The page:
Feb 2, 2018

FBI texts show no evidence of conspiracy, WSJ finds

Photo: Mark Wilson / Getty

The Wall Street Journal read through 7,000 text messages from FBI agent Peter Strzok and FBI lawyer Lisa Page, who have been intensely criticized after it emerged they had exchanged anti-Trump texts while Strzok was investigating Hillary Clinton and later Donald Trump. WSJ concluded that the "texts critical of Mr. Trump represent a fraction of the roughly 7,000 messages, which stretch across 384 pages and show no evidence of a conspiracy against Mr. Trump."

Why it matters: President Trump has gone so far as to accuse the pair of "treason," heightening the tension between the White House and the FBI. This WSJ's findings follow the release of the controversial Nunes memo, which the White House claims shows wrongful action against Trump on the part of the FBI.

What the texts do reveal:

  • The life of an FBI agent — long hours, working weekends. "In deeply personal office chatter, they come across as intense, ambitious and unsure of their standing in the bureau," WSJ writes.
  • That Strzok was unsure about joining Robert Mueller's probe, not wanting to hurt his chances of moving up in the FBI.
  • An inside look at the complexity and challenge of the Clinton email case.

Go deeper: With the Wall Street Journal's full analysis and excerpts of the texts

Go deeper

Bob Iger stuns media world with sudden departure as Disney CEO

Photo: Jeff Kravitz/FilmMagic

In a move that shocked the media industry, Bob Iger said Tuesday he would step down from his role as CEO of the Walt Disney Company after leading the entertainment giant to unprecedented success during his 15-year run in the job.

Why it matters: Iger is credited with having successfully led Disney through a series of risky but highly-successful acquisitions that not only solidified the company's entertainment dominance, but also ultimately reshaped the entire media landscape.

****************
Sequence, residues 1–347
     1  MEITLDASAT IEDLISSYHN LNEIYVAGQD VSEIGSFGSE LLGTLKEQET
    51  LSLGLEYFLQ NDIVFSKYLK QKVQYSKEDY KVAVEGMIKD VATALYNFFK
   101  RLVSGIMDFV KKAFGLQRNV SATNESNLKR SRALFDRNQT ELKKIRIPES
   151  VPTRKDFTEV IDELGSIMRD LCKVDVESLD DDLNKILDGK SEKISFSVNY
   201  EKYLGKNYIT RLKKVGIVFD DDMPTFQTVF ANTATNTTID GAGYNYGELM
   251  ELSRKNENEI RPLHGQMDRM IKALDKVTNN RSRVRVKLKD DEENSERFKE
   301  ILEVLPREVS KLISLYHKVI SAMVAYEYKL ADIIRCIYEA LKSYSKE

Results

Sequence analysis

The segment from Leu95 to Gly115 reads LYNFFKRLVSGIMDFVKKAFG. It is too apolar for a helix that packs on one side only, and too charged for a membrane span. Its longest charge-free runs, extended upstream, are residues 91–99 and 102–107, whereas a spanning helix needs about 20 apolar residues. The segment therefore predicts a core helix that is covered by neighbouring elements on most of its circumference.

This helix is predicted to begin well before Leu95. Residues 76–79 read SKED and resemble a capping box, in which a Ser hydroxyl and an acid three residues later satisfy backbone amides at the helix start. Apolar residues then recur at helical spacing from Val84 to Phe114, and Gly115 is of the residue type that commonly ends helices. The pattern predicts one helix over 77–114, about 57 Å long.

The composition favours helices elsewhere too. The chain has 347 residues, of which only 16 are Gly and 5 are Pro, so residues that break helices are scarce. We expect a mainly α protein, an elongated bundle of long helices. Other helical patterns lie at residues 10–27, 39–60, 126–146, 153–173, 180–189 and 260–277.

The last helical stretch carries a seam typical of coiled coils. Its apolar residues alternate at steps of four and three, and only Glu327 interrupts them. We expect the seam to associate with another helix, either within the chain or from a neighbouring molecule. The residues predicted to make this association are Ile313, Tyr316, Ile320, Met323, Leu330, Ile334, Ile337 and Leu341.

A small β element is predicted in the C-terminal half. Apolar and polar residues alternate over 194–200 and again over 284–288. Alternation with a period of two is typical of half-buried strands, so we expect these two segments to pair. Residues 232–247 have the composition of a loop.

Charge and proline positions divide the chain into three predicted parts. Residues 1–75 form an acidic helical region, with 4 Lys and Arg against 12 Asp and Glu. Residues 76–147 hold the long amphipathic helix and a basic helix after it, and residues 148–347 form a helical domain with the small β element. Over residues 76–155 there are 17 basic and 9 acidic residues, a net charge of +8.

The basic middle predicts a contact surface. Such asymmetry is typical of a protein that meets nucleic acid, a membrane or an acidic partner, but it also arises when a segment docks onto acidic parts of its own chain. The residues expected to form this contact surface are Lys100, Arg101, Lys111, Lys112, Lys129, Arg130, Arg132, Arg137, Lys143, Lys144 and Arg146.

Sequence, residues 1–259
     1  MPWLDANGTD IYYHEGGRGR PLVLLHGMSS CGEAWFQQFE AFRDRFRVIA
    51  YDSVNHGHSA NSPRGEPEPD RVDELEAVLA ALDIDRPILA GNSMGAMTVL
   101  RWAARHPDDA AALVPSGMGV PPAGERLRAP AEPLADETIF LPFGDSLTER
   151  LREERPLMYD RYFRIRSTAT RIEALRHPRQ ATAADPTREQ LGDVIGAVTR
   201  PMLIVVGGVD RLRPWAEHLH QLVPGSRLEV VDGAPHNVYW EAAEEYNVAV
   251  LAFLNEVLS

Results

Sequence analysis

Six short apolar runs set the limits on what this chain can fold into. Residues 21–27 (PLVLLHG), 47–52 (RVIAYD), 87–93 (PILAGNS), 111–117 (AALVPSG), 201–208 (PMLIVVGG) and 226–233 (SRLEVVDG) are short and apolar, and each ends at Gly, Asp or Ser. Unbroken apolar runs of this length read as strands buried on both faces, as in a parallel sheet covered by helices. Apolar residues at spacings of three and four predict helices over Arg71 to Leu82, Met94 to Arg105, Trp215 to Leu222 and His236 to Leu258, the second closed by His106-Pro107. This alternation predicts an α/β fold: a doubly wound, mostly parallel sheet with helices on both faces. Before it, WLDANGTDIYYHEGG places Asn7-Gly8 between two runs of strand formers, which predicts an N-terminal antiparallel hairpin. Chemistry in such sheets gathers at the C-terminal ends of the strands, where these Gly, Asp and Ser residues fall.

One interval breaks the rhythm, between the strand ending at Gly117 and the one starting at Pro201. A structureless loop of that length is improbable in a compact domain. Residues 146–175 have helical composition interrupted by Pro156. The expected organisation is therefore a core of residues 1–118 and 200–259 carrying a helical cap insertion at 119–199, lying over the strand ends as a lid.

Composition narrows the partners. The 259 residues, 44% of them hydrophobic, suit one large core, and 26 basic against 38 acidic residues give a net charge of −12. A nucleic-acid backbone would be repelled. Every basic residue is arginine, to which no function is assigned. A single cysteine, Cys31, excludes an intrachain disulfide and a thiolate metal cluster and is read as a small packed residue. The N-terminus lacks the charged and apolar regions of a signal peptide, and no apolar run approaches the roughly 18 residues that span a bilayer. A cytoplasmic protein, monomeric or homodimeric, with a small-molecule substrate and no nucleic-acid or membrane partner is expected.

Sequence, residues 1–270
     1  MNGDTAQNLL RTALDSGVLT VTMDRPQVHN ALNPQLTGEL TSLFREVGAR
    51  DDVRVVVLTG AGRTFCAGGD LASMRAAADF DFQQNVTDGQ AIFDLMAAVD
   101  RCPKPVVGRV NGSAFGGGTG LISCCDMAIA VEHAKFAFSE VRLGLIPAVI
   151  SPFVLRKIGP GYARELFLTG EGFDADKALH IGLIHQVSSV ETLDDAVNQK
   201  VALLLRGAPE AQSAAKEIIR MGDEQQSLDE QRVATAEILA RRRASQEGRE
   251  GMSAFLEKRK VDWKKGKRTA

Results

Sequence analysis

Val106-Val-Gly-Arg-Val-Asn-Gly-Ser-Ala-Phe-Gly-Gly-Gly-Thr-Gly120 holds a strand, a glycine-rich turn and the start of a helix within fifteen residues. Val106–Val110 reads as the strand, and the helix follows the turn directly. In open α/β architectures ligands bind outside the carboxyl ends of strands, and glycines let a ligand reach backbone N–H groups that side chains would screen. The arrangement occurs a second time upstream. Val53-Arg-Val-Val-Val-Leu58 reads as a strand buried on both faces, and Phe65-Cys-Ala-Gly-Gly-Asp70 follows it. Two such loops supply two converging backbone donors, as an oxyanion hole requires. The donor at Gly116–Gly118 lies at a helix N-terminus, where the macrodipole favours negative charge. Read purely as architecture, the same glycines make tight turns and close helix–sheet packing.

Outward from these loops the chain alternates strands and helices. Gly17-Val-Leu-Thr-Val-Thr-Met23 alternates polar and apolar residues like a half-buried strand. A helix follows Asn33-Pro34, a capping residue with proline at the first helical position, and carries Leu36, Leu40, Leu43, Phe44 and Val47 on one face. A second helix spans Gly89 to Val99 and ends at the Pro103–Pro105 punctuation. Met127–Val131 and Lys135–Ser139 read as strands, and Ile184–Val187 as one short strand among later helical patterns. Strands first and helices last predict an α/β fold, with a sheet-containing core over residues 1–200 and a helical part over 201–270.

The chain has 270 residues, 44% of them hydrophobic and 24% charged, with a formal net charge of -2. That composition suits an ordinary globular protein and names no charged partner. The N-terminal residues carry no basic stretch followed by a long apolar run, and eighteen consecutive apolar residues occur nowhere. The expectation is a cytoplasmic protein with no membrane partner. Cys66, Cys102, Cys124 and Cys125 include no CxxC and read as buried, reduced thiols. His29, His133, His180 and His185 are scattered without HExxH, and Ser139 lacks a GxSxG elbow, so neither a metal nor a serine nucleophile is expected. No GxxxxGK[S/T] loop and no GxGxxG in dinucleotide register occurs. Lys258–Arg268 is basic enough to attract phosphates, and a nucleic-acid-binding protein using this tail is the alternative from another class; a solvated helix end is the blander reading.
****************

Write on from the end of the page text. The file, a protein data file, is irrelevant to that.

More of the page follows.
Sanders hits new stratosphere of online interest

Data: NewsWhip; Chart: Chris Canipe/Axios — Note: Hover over the weekly rank on desktop to see articles and interactions for each candidate and issues.

For the second straight week, Bernie Sanders has hit the high watermark for online attention in the Democratic primary, according to data from NewsWhip provided exclusively to Axios.

Why it matters: It's not just quantity. The sentiment of the top stories about Sanders has been more positive than his top Democratic rivals — particularly Michael Bloomberg, whose recent online attention has been overwhelmingly negative.

Global coronavirus cases spread as U.S. soldier tests positive in South Korea

Data: The Center for Systems Science and Engineering at Johns Hopkins, the CDC, and China's Health Ministry. Note: China numbers are for the mainland only and U.S. numbers include repatriated citizens.

A 23-year-old American soldier stationed at Camp Carroll in South Korea has tested positive to the novel coronavirus, as the outbreak spreads to more countries.

The big picture: COVID-19 has killed more than 2,700 people and infected over 81,000 others. By Wednesday morning, South Korea had the most cases outside China, with 1,146 infections. Europe's biggest outbreak is in Italy, where 322 cases have been confirmed.

Go deeperArrowUpdated 1 hour ago - Health